During the recent visit of Prime Minister Narendra Modi to Silicon Valley, Microsoft CEO Satya Nadella announced plans to offer broadband services to 500,000 Indian villages by taking advantage of "white spaces" technology.
White spaces refers to spectrum that was originally awarded to broadcasters but is not in commercial use, typically because it has been freed up in the transition from analog to digital broadcasting. Currently, there is a lot of white space in India that Microsoft Corp. (Nasdaq: MSFT) could use to support the rollout of low-cost broadband services in the country's vast hinterland.
Predictably enough, the Indian service providers have expressed outrage at the prospect of an IT behemoth using free spectrum to provide Internet access at extremely competitive prices. According to local media reports, the Cellular Operators Association of India is planning to raise the issue with the Department of Telecommunications (DoT). It is demanding the government carry out an auction of this spectrum, since it will be used for commercial purposes. Microsoft, in the meantime, is conducting white spaces trials that involve the DoT.
But Microsoft is not the only company to see potential in white spaces technology. An organization called Whitespace Alliance, which has been collaborating with the Indian Institute of Technology (IIT) and Tata Teleservices Ltd. , is also working on a pilot in Palghar district, in the state of Maharashtra.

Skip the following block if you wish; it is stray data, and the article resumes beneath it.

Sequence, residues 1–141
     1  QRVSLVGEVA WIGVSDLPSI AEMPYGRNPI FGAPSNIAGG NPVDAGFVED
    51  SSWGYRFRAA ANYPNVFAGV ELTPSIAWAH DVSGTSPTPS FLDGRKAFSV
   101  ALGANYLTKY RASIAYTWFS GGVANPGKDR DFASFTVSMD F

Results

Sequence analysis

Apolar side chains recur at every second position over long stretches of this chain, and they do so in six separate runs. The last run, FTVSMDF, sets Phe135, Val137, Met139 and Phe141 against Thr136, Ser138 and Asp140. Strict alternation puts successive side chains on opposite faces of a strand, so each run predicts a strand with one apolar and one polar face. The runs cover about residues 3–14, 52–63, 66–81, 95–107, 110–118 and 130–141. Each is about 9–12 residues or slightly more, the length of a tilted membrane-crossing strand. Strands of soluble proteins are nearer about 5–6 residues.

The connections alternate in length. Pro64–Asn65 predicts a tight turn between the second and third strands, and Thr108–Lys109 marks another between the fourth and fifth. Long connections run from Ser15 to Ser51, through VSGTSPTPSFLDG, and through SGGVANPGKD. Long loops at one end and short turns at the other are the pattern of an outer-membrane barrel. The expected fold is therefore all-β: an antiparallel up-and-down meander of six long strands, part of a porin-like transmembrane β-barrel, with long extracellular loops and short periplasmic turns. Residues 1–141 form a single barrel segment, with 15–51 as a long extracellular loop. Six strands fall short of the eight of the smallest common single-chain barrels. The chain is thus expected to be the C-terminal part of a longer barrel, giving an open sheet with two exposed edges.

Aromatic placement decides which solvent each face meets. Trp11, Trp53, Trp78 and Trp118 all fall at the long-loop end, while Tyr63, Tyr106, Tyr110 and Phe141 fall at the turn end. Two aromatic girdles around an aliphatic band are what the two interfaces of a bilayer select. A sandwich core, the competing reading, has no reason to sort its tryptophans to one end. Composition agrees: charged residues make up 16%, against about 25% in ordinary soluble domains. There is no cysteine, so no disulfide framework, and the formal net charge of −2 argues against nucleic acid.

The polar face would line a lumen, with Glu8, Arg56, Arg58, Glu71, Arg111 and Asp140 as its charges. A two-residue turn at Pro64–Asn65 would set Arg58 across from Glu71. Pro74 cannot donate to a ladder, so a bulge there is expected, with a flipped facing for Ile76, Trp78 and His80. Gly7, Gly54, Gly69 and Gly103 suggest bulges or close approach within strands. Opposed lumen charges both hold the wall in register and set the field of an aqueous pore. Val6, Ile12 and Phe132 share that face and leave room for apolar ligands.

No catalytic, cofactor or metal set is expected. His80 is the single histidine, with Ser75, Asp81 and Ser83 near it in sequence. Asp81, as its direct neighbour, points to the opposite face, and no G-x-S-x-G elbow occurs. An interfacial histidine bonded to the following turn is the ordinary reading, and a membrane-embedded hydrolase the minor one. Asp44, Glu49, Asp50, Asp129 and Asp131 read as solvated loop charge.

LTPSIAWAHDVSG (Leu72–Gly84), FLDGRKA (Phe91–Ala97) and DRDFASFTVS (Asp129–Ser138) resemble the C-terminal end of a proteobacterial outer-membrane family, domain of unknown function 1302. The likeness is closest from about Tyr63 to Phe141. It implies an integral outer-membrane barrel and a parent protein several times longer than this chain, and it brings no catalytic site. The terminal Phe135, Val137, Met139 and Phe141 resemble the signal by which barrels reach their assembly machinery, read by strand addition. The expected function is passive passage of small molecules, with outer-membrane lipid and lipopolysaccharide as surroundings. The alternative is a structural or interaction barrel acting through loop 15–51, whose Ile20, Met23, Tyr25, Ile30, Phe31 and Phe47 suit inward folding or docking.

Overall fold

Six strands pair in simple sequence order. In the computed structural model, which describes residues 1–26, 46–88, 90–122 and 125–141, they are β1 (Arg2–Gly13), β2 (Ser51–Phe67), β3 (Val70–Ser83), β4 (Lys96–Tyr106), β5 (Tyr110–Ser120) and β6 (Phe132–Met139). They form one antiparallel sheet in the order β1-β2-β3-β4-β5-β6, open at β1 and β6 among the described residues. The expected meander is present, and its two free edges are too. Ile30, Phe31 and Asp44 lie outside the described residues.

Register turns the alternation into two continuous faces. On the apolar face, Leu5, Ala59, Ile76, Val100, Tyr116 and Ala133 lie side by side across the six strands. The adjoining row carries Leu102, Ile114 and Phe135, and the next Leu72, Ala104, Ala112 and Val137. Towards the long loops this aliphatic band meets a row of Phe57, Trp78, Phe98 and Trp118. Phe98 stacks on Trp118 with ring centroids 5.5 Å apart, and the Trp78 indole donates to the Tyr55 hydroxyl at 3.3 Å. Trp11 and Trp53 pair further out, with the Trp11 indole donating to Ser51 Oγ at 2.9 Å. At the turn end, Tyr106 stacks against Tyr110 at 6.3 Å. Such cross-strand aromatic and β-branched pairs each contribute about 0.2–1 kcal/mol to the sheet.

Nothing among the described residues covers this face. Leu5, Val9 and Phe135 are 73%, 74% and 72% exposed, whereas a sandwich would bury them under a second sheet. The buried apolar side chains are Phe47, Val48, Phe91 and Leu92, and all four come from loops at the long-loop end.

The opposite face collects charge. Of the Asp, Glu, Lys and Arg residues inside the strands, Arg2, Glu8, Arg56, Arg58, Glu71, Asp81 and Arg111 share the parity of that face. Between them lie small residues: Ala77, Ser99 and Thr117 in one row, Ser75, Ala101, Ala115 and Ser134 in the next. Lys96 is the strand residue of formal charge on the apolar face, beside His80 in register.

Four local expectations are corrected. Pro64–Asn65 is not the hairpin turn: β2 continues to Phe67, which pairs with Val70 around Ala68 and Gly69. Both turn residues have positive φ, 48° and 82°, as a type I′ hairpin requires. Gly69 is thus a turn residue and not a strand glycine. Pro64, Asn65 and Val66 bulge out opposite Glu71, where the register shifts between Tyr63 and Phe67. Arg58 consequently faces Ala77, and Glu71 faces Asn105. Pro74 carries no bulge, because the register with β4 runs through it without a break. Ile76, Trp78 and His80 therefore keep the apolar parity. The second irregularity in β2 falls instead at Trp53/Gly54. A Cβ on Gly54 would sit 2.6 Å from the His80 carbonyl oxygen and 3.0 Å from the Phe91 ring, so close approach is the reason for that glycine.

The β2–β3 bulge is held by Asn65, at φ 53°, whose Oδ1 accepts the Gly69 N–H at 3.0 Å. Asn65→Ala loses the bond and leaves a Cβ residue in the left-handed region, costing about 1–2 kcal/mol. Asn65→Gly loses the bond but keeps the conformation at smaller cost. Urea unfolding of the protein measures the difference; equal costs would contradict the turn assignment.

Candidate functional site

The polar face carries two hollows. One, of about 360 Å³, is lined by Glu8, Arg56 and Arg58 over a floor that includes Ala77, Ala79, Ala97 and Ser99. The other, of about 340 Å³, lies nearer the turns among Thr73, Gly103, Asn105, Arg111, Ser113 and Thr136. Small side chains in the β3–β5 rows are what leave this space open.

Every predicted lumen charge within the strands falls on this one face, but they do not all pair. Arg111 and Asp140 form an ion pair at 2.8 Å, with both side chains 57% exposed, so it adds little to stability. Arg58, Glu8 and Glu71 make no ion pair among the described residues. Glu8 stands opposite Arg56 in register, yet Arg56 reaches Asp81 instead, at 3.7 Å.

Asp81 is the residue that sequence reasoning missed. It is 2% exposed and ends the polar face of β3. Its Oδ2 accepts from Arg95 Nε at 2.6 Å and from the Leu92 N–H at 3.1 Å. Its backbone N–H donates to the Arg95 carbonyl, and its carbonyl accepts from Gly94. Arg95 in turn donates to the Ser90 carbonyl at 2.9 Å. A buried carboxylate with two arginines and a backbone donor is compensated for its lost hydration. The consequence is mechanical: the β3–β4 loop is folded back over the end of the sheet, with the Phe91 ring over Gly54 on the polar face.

Having spent heavily to acquire spectrum, operators are understandably upset about these schemes. Moreover, signals are believed to travel further over white space airwaves -- which generally sit within the 450-700MHz range -- than cellular spectrum, making them better suited to rural deployment.
Indeed, India's mobile operators have largely ignored the rural segment of the market. At the end of June, the penetration of services in rural communities had risen to just 49%, while that in urban areas stood at 149%, according to data released by the Telecom Regulatory Authority of India (TRAI) .
But service providers are undoubtedly planning on turning their attention to the hinterland in future, as income levels rise and growth opportunities in the cities dry up.
If Microsoft is allowed to proceed with its plan, they may have to enter these areas much sooner than originally planned or risk missing out entirely.
— Gagandeep Kaur, contributing editor, special to Light Reading